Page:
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I am trying to add some JavaScript code in my Ruby on Rails application. I have already created for me, some js.coffee files for each view in my assets. Since, I am not familiar with the CoffeeScript I just passe some ordinary JavaScript/jQuery line in the file, such as:

if ($('#cart').length == 1) { $('#cart').hide("blind", {direction: "vertical" }, 1000); }

$('#cart tr').not('.total_line').remove();

but the following error was thrown:

Error: Parse error on line 1: Unexpected 'POST_IF' (in /home/gotqn/Aptana Projects/depot/app/assets/javascripts/carts.js.coffee)

The source is pointed on

Showing /home/gotqn/Aptana Projects/depot/app/views/layouts/application.html.erb where line #6 raised:

and in this file on line #6 I got:

<%= javascript_include_tag "application" %>

I am new in Ruby on Rails, but what I suppose is happening is that I am not able to write simple JavaScript in the CoffeeScript. If this is true, can I only remove the .coffe extension and be sure that the Rails magic will work and load the file?

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What happened when you tried it? But yes, JS != CS. –  Dave Newton Nov 7 '12 at 18:59
    
Did you consider at least reading the docs for CoffeeScript? –  millimoose Nov 7 '12 at 19:00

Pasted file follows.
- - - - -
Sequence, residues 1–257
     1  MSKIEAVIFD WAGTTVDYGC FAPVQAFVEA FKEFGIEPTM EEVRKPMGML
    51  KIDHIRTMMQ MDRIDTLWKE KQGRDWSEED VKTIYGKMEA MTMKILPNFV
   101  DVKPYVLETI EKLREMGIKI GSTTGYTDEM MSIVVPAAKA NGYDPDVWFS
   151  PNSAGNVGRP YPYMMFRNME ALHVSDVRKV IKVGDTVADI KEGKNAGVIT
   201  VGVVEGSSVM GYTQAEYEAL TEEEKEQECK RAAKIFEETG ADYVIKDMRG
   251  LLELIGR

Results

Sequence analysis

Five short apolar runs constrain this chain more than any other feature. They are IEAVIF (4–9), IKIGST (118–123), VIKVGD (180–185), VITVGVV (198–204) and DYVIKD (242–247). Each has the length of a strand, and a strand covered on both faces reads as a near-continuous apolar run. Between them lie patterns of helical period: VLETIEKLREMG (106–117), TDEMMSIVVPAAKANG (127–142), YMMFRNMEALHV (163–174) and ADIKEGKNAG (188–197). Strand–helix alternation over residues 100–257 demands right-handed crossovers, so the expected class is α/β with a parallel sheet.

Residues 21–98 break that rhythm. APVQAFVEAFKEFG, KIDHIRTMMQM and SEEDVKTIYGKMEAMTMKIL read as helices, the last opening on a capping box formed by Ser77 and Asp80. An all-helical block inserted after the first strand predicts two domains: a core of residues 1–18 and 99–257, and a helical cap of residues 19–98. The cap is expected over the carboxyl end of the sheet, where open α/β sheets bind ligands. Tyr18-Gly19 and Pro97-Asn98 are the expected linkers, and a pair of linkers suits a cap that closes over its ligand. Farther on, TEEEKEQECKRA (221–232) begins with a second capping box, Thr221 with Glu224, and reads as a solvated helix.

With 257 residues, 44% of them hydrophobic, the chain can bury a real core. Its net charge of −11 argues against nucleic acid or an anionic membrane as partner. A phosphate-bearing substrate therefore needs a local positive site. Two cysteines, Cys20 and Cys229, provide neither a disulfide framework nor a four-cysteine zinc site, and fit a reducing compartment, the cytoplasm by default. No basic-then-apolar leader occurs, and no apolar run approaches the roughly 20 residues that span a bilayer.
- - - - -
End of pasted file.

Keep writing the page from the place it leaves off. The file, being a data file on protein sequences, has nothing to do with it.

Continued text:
Or try renaming the .coffee files to .js, that might disable the automatic processing. –  millimoose Nov 7 '12 at 19:02
1  
Just remove the .coffee extension. All of the “Rails magic” will continue to work. –  georgebrock Nov 7 '12 at 20:00
2  
It is a matter of personal choice, but if you're going to work as a professional Rails developer you're not always around at the start of a project to make that choice so you end up using both. –  georgebrock Nov 7 '12 at 22:15

1 Answer 1

up vote 12 down vote accepted

From the docs on coffeescript.org:

Hopefully, you'll never need to use it, but if you ever need to intersperse snippets of JavaScript within your CoffeeScript, you can use backticks to pass it straight through.

So yes, you can use JavaScript in CoffeeScript - just surround it in backticks (`).

It's highly advisable that you just convert your code to CoffeeScript instead, though.

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3  
"It's highly advisable that you just convert your code to CoffeeScript instead, though." - or, you know, not use it at all. –  millimoose Nov 7 '12 at 19:05
    
Ooh, nice I didn't know about this! –  Abram Nov 7 '12 at 19:05
    
@millimoose Or that. Seems like what the OP really wants is to not use CS, but this is the answer to the current form of his question. –  redhotvengeance Nov 7 '12 at 19:08
    
Thank all for the information and the help. –  gotqn Nov 7 '12 at 19:50
    
Agreed with @redhotvengeance, not always do we want the burden of learning yet another language to get a job done. –  JamesB May 16 at 14:43

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